Democrats avoided taking up the most controversial gun-control bills on Monday but plowed ahead with four others as they move to take advantage of their majority.

The Senate Judiciary Committee had a full docket Monday morning as the fourth day of the 2020 General Assembly session got underway. Lined up at the top were 10 firearms-related bills ranging from enhanced background checks to targeted bans.

Before the committee got to work members took Sen. Dick Saslaw’s, D-Springfield, Senate Bill 16 off the table — putting a hold on the sweeping assault weapons ban that garnered so much attention leading up to the session.

Sen. Mark Obenshain, R-Harrisonburg, a member of the Judiciary Committee, said Saslaw asked the committee to take up the bill, even though it wasn’t on their docket, and then asked members to strike the bill, removing it from the list of pending legislation.

Despite the apparent victory for Republicans who staunchly oppose the ban, Obenshain said there are two other bills in the pipeline that Democratic leadership has expressed support for.

“I would expect it’s going to resurface in a matter of days,” Obenshain said. “While Sen. Saslaw’s bill is gone, the debate, the fight over the subject matter of that bill is far from over.”

Far from backpedaling, Democrats unleashed their newfound authority in passing four bills out of the committee — enacting a one-handgun-a-month rule, putting a red-flag law in place, allowing localities to ban guns at permitted events and broadening the scope of background checks.

Obenshain said he was surprised when gun bills came up on Monday after the chairman told him last week the bills would be put on hold because one Republican member would be absent. Obenshain said Sen. John Edwards, D-Roanoke, chairman of the committee, told him his caucus overruled him and forced him to put the gun bills back on Monday’s docket.

Monday’s victories for Democrats were passed along party lines, though one Democrat, Sen. Chap Petersen, D-Fairfax, did push back against his colleagues in one instance.

Senate Bill 70 added language to require background checks for, “all firearms sales or transfers” in Virginia.

Petersen said the bill was written to fill a gap between federal law and state law. His amendment, he said, removed the necessity to conduct background checks for firearms transfers and limit them to sales.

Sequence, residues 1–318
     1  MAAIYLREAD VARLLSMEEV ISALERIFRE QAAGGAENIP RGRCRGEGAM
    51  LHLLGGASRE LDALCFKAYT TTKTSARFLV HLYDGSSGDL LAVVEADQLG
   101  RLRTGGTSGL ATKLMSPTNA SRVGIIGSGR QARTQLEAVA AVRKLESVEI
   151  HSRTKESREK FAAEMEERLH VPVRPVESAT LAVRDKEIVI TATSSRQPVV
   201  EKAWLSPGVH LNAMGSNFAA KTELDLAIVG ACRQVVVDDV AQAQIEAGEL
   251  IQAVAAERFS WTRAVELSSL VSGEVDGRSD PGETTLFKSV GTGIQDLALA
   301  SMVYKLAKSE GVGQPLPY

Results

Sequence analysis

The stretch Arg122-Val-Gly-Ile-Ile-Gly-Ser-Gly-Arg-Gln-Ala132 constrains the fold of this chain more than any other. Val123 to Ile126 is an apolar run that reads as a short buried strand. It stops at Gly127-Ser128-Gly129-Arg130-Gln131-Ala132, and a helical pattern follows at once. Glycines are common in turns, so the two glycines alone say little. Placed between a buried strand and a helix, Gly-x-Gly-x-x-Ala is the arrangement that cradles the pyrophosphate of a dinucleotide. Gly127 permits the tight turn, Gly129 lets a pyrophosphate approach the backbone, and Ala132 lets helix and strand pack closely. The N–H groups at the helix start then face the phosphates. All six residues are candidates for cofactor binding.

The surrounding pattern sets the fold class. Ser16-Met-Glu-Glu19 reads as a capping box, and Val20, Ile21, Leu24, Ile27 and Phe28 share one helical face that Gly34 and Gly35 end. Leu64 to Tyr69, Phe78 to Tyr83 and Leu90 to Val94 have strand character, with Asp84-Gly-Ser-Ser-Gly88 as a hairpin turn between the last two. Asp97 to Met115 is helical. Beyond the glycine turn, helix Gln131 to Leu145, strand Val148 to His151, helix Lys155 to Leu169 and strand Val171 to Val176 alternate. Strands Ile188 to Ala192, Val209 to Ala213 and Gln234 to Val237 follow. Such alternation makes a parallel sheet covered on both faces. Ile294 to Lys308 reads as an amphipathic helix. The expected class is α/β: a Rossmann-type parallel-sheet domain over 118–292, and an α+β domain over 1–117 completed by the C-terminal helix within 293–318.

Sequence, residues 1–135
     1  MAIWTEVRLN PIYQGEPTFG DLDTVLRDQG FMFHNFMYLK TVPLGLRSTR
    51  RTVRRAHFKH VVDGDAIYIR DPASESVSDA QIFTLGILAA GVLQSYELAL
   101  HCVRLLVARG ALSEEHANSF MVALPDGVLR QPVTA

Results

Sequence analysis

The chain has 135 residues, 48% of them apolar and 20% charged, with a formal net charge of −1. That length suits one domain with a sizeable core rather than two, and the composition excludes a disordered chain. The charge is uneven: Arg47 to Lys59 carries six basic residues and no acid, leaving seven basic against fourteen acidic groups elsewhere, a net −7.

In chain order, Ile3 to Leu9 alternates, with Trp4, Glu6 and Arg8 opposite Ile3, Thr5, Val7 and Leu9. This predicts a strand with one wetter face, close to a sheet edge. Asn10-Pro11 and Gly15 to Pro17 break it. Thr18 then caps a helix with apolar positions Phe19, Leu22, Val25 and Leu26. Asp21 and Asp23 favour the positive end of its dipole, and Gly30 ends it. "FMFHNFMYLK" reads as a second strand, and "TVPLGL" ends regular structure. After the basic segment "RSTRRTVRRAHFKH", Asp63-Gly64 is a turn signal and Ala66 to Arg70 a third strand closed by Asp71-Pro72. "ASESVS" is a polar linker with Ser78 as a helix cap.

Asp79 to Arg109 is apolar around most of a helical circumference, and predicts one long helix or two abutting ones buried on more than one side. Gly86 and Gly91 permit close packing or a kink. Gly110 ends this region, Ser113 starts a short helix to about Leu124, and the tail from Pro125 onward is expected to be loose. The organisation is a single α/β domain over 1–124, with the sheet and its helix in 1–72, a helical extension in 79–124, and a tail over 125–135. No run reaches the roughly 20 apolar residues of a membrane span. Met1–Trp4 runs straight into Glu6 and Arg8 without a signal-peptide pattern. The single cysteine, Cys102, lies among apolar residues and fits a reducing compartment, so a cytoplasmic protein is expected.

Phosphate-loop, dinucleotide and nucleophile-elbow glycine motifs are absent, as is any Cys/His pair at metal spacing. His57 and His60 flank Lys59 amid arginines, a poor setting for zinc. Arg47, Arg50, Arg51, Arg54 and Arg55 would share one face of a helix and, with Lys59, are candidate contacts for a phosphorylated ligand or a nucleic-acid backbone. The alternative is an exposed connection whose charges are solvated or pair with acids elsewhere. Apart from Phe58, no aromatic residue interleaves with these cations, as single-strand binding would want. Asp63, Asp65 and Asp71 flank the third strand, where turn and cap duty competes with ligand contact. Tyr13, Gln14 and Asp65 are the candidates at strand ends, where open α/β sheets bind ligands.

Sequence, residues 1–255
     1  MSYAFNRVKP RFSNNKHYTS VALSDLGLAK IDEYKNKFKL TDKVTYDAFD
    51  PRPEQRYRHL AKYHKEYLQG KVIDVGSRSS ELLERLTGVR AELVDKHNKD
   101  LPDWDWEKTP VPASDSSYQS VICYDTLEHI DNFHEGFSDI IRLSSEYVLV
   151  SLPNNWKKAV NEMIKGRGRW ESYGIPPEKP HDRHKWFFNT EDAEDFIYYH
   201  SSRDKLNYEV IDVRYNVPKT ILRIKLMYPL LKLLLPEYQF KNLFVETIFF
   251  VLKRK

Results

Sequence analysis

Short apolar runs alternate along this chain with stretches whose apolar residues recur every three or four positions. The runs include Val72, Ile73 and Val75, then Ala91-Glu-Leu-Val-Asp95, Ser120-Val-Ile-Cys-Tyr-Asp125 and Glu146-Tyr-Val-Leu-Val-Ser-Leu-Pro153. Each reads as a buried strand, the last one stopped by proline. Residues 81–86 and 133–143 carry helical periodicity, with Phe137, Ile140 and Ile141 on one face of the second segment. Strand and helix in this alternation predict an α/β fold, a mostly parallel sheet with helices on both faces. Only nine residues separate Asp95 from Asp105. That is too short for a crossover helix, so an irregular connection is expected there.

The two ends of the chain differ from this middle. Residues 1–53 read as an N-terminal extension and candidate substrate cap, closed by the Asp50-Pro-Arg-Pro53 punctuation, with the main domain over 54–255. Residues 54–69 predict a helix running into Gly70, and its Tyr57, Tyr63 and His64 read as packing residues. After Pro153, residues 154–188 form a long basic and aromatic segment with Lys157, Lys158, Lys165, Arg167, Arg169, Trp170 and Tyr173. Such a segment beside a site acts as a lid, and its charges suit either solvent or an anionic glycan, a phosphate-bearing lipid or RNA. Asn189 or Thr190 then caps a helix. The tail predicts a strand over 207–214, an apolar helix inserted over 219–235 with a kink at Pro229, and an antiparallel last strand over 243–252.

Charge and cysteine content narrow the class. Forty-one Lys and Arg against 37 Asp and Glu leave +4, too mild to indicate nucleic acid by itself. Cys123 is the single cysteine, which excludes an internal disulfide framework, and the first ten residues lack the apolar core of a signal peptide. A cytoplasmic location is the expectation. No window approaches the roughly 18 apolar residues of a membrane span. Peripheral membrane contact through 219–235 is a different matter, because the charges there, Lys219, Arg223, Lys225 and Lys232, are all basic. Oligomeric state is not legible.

“The word transfer is obviously a very open-ended word,” Petersen said. “It’s not defined under the Virginia code.”

The goal of the bill is to keep people who are not allowed to buy guns from buying them, he said. When the net is too broad, law-abiding gun owners could get caught up, he said.

Despite the amendment, each of the Republicans in the committee still voted against the bill — a situation Petersen said he expected.

“If you’re in this business, you get push-back,” he said. “I think, to be honest, you’ve got two sets of people looking at these bills — you’ve got people who have never owned a gun in their life and you’ve got gun owners.”

Gun owners looking to bring their weapons to events to protest or who carry them out of habit may run into problems with another bill moved out of the Judiciary Committee on Monday.

Senate Bill 35 gives localities the authority to tell gun owners to leave their firearms at home when attending some events.

If approved, local governments will have the authority to keep firearms and ammunition out of events that require a permit. Local governments don’t have that authority now because Virginia is a Dillon Rule state, Obenshain said.

“With this, you’re going to have a patchwork of ordinances across the commonwealth,” he said. “People are not going to know from one county or town or county to the next which streets are off-limits.”

Legislators took their first shot at firearms on Friday when the House rules committee passed a ban on guns at the Capitol.

Del. Todd Gilbert, R-Mount Jackson, released a statement on the move Friday, condemning the process — passing a rule with short notice and keeping the vote to a committee rather than passing it on to the floor.

“Democrats hold majorities in both chambers and can pass whatever policy they wish,” his statement read. “However, today’s action will ensure this policy takes effect without a vote from the vast majority of legislators.”

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